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LESSON 5 *April 28 - May 4
Sequential Evangelism and Witnessing Lesson graphic
 
SABBATH AFTERNOON

Read for This Week's Study:

  Matt. 25:35–40, 1 Cor. 3:1–3, 1 Pet. 2:2, John 6:54–66, Luke 8:4–15.

Memory Text:

 

“I fed you with milk and not with solid food; for until now you were not able to receive it” (1 Corinthians 3:2, NKJV).

Key Thought:

  In all evangelism and witnessing, it is important that we first present the simple truth of the gospel.

Sequential evangelism is a strategy based on the understanding that people will move from one church program to another when the programs are arranged in the right sequence. This, however, has to be done correctly or else it can do more harm than good.

Our key text shows how Paul understood the fact that we can undo by overdoing. We can deliver so much complex material, and in the wrong order, that the receiver either chokes on the volume, fails to grasp the depth of meaning, or is reluctant to apply personally what is learned. Just as a baby’s diet begins with milk and gradually comes to include solid food, babes in Christ must receive spiritual food so that their developing spiritual understanding can assimilate.

This week we will explore how evangelism and witnessing strategies and programs blend and how they build on, and support, each other throughout the church’s sequential evangelistic year.  Notes

*Study this week's lesson to prepare for Sabbath, May 5.


SUNDAY April 29

Sequential Evangelism and Felt Needs

As we have already noted in earlier weeks, the discovery of individual or community felt needs will influence how we approach people and the programs and services that we make available to them. As we understand felt needs, we are better able to plan a sequence of programs that meets those basic needs, whether for an individual or a community.

Read Luke 9:11. What does this verse indicate regarding Jesus’ desire to heal both physically and spiritually? In our spheres, how can we seek to do the same thing for those whom we are trying to reach?  Notes




No doubt many who came to Jesus were primarily focused on His ability to relieve physical suffering. Jesus would help them physically, of course, but He would also address a need that perhaps was not keenly felt by each person. That is, the need for spiritual healing.

While God’s people today are active in meeting people’s personal or community needs, they must follow Jesus’ example and somehow help to turn minds to eternal issues.

Examine Matthew 25:35–40. What is the message there? How seriously do we really take those words, or do we just see them as a metaphor? That is, if we really believed them, how differently would we act? Notes




Ministering in any way to those whom Jesus loves and for whom He gave His life is ministering to Jesus Himself. This demonstrates just how closely related Jesus is with His creation. When any are hurting, He is concerned for them and sympathizes with them; we must do the same. Matthew 25:35–40 indicates that meeting felt needs does not always have to be a part of a fixed church strategy. When needs are discovered, they must be met, no matter where a church is in its sequential strategy. While many people will move along from program to program as their spiritual interests develop, others will need spiritual nourishment right away. A church need not abandon its planned sequence of programs and events, but it must be able to respond to any eventuality by having trained personnel and adequate resources at all times.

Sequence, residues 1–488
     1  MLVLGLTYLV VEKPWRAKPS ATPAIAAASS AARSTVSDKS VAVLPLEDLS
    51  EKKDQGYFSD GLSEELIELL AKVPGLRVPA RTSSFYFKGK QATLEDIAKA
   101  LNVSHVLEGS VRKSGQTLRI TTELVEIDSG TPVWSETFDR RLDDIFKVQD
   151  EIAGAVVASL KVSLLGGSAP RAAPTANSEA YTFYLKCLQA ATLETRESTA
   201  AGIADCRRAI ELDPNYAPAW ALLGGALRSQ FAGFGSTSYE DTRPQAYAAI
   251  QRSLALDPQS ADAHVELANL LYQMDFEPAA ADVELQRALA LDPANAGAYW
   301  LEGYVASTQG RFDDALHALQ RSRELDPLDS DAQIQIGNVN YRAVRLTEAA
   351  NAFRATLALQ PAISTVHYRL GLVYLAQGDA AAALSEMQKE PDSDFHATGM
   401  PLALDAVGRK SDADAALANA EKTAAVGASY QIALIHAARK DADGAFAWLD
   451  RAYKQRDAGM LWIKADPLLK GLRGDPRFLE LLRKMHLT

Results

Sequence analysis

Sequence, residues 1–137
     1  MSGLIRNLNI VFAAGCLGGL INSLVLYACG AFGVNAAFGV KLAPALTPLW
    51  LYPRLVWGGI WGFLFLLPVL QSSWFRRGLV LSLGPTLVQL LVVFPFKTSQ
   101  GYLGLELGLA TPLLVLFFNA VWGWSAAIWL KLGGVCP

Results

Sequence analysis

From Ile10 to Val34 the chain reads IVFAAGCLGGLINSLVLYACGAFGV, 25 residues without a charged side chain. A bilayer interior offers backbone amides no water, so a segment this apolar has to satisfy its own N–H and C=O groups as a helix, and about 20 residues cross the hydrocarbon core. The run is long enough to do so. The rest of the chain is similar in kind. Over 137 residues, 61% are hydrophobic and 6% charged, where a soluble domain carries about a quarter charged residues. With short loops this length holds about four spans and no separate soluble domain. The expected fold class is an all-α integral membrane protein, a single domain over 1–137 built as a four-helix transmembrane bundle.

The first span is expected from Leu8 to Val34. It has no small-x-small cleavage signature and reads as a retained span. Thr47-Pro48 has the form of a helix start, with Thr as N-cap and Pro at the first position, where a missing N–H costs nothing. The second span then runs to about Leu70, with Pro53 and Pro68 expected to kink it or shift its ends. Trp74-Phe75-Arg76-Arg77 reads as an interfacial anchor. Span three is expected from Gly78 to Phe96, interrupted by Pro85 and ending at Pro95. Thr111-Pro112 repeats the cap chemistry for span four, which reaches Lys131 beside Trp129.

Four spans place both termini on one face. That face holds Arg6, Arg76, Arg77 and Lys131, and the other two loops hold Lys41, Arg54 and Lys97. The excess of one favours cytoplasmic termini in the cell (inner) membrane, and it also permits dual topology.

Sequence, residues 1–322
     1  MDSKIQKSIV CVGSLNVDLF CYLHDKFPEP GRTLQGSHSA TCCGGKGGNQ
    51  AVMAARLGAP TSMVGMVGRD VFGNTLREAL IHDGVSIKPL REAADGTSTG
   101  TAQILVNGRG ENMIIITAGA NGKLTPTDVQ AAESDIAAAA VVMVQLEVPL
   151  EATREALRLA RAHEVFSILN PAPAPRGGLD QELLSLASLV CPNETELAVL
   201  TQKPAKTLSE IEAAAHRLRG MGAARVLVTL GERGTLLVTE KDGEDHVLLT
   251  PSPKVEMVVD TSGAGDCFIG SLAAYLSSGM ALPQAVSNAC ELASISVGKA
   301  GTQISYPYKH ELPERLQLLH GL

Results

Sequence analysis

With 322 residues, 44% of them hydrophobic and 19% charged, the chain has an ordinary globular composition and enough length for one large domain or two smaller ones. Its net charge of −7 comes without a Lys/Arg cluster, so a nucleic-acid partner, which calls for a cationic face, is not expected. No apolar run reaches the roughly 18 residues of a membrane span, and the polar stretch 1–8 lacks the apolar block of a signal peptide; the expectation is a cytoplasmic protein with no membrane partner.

Notes

MONDAY April 30

Milk and Solid Food

Compare 1 Corinthians 3:1–3 and 1 Peter 2:2. What do you think Paul and Peter were specifically referring to when they spoke of milk and solid food and the need to grow? In your mind, what is theological milk as opposed to solid food?  Notes




Evidently the members of the church at Corinth had not progressed very far in their spiritual development after Paul had established the group. Consequently, when he preached to them, his message was an appeal for them to surrender themselves to God and grow in spirituality to the extent that they could grasp the deep truths of the gospel. His preaching at this time would have been evangelistic rather than edifying. Paul would not preach on the deeper themes while the people were not spiritually mature enough to understand and respond to them.

As we reach out to people today, we must be ever mindful of Paul’s strategy. We must lead people to surrender to Christ before we expect them to accept the deep, life-changing truths of His Written Word.

When we speak of an evangelistic sequence, it can refer to a long strategy or a short process. When people have progressed through a sequence of programs to the place where they are open to God’s call, they can be led through a full evangelistic series or begin a personal Bible study series. Whatever the program is, the principle is still the same: first the milk (simple gospel themes to begin a relationship) and then the solid food (deeper and more testing truths leading to firm commitment).

Read John 16:12. What important point do we find here? How can we learn to apply this principle in the ways in which we deal with others?  Notes




A new Seventh-day Adventist was so excited about the truth he had learned that he wanted to tell everyone. Often, the first thing he wanted to share with others was all about “the mark of the beast.” However well-meaning, he was a prime example of how truth needs to be presented in a sequential manner.

Think about some Bible truth that you struggled with at first that you found hard to accept. Over time, how did you eventually settle into that truth? What did you learn from this experience that could help you to be more sensitive in your outreach to others?  Notes

TUESDAY May 1

Testing Truths